Akinetic mutism as a classification criterion for the diagnosis of Creutzfeldt-Jakob disease
- Neurologische Klinik und Poliklinik, Georg-August-Universität Göttingen, Robert-Koch-Strasse 40, 37075 Göttingen, Germany
- Dr A Otto, Neurologische Klinik und Poliklinik, Georg-August-Universität Göttingen, Robert-Koch-Str. 40, 37075 Göttingen, Germany. Telephone 0049 551 39 6636; fax 0049 551 39 7020.
- Received 8 July 1997
- Revised 30 September 1997
- Accepted 3 October 1997
OBJECTIVES Among the classification criteria for the diagnosis of Creutzfeldt-Jakob disease, akinetic mutism is described as a symptom which helps to establish the diagnosis as possible or probable. Akinetic mutism has been anatomically divided into two forms—the mesencephalic form and the frontal form. The aim of this study was to delimit the symptom of akinetic mutism in patients with Creutzfeldt-Jakob disease from the complex of symptoms of an apallic syndrome and to assign it to the individual forms.
METHODS Between April and December 1996, 25 akinetic and mute patients with Creutzfeldt-Jakob disease were consecutively examined. The patients were classified according to the definition of akinetic mutism by Cairns and secondly in accordance with the features constituting the complete picture of an appalic syndrome (defined by Gerstenbrand).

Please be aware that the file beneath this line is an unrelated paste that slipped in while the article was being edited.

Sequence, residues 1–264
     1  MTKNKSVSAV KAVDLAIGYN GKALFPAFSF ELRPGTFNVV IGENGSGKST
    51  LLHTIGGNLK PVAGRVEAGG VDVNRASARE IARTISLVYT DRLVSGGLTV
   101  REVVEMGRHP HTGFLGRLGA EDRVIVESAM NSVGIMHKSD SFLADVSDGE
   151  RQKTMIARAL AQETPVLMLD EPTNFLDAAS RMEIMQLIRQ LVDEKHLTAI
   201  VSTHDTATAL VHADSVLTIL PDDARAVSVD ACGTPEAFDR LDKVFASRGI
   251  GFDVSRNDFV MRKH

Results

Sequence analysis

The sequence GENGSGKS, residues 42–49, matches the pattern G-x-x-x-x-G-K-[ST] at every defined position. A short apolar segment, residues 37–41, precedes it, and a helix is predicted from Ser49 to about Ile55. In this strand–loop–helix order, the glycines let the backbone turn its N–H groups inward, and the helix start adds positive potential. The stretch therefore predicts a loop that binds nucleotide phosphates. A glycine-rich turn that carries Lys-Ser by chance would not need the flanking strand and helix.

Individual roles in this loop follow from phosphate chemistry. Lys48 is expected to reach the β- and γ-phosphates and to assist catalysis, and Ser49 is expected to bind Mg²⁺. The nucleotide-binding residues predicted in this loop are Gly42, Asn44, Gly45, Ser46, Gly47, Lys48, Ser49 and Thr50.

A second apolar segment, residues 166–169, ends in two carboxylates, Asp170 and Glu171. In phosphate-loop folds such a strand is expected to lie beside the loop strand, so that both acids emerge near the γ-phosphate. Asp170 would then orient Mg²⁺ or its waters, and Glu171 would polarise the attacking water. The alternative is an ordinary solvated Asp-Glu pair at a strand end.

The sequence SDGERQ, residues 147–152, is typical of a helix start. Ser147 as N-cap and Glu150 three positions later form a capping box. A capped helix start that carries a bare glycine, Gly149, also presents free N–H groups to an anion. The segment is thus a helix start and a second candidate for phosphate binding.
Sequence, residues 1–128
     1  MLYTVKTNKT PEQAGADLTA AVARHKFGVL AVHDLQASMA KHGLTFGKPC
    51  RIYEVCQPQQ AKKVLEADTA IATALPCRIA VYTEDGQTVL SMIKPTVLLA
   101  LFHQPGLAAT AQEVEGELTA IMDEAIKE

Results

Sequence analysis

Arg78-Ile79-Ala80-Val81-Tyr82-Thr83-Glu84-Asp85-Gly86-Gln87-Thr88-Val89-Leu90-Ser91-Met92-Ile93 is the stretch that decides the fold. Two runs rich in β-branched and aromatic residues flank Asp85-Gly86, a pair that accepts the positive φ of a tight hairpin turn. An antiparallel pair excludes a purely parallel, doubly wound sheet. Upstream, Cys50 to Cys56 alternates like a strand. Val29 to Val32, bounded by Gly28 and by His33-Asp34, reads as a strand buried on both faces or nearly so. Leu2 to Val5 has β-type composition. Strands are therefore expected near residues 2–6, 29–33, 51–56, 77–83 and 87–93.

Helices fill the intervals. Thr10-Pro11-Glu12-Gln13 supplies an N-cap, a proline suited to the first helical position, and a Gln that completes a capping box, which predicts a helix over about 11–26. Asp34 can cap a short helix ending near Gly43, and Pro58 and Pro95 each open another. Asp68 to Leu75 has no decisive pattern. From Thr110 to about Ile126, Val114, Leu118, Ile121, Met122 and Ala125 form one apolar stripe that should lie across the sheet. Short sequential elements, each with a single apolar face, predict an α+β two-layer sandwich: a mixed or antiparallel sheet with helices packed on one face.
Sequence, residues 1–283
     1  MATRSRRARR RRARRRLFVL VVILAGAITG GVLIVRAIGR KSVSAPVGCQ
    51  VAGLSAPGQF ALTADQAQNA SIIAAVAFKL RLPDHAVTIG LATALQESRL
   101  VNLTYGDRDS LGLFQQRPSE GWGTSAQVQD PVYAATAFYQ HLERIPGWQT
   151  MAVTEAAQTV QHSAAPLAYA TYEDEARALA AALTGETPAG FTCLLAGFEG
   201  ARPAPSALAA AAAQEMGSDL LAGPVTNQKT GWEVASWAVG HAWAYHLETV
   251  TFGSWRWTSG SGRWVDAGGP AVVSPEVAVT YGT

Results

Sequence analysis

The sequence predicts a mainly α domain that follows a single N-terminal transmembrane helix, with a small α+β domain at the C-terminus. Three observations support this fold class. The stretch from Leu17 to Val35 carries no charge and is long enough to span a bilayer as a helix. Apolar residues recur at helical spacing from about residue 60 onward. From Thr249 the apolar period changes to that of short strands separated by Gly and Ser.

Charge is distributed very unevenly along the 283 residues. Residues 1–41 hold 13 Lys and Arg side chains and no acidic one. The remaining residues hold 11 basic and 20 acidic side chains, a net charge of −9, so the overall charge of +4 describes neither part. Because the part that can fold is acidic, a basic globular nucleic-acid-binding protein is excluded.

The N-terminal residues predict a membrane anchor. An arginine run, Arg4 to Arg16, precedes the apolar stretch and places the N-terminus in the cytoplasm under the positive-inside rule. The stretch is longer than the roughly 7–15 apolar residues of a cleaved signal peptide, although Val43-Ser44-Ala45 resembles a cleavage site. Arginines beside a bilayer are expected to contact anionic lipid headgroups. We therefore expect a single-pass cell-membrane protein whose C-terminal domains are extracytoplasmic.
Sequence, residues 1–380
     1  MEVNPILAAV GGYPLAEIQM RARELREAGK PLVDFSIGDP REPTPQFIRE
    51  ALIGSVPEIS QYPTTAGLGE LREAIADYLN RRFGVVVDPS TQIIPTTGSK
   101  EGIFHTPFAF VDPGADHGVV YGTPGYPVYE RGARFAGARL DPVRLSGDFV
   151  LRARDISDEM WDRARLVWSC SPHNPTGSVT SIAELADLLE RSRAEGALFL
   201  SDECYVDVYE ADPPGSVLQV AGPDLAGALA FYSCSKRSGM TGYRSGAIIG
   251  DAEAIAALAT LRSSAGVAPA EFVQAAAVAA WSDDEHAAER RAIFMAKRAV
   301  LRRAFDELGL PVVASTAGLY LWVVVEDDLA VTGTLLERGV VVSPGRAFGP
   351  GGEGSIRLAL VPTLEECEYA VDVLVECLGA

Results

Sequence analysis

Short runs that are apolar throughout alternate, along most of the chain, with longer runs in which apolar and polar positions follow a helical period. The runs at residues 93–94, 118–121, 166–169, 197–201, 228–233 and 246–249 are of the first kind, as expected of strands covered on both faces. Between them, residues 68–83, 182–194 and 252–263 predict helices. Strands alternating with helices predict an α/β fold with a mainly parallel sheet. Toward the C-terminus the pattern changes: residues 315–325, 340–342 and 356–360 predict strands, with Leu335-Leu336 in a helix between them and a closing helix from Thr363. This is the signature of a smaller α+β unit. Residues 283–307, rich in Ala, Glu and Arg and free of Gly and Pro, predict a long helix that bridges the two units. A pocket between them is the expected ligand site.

RESULTS From 25 patients with definite Creutzfeldt-Jakob disease, 24 patients showed impoverishment of speech and, after a mean duration of four (range 1.1–11.2) months, almost complete absence of voluntary movements and speech. Seven patients were classified as being mute and akinetic and assigned to the mesencephalic form whereas 13 patients were classified as apallic. One patient was mute without being akinetic and four patients were comatose.
CONCLUSION Diffuse brain damage underlies akinetic mutism in patients with Creutzfeldt-Jakob disease. The term can be used as a classification criterion for the diagnosis of Creutzfeldt-Jakob disease; however, it should be applied very carefully and delimited clearly from the apallic syndrome.